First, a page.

Objective—To identify the risk factors for premature retirement because of tendon injury in a Thoroughbred racehorse population.
Animals—175 Thoroughbred racehorses (cases) at the Hong Kong Jockey Club that were retired from racing because of tendon injury between 1997 and 2004 and for which the last preretirement exercise was at a fast pace were each matched with 3 control horses that were randomly selected from all uninjured horses that had galloped on the same date as that last exercise episode.
Procedures—Training data for all horses were examined. Conditional logistic regression analyses were performed to identify risk factors for retirement from racing attributable to tendon injury. Two multivariable conditional logistic regression models were created; each contained 8 explanatory variables.
Results—Compared with control horses, case horses were older at the time of import, accumulated more race distance soon after import, were more likely to have had previous official veterinary or ultrasonographic examinations, raced fewer times during their career, and were in training for a longer period and had exercised at a reduced intensity during the 180-day period preceding the last fast-paced work date.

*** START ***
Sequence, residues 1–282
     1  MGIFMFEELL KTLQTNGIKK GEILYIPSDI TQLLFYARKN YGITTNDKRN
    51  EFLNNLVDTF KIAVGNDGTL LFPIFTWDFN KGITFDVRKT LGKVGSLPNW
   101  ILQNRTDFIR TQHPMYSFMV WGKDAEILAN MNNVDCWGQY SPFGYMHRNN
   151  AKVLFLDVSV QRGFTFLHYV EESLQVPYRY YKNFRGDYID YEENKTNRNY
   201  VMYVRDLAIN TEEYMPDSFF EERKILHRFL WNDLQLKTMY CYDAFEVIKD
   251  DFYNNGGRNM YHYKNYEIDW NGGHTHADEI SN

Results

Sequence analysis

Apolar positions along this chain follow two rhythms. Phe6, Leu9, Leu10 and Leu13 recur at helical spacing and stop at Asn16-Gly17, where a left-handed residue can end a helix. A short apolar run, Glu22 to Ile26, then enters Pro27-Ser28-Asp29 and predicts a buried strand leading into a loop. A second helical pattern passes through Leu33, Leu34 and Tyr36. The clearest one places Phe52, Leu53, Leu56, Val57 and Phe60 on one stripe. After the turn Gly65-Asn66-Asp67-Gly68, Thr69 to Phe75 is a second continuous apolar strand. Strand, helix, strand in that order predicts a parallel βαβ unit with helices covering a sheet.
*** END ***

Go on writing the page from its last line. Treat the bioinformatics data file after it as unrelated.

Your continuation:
Conclusions and Clinical Relevance—In addition to identification of risk factors for tendon injury among racing Thoroughbreds, results have suggested that resources focused on obtaining accurate training data may be misdirected in the absence of internationally agreed criteria for incident tendon injury among racehorses. Nevertheless, changes in training intensity and findings of previous clinical examinations could be used to identify horses at risk of tendon injury–associated retirement.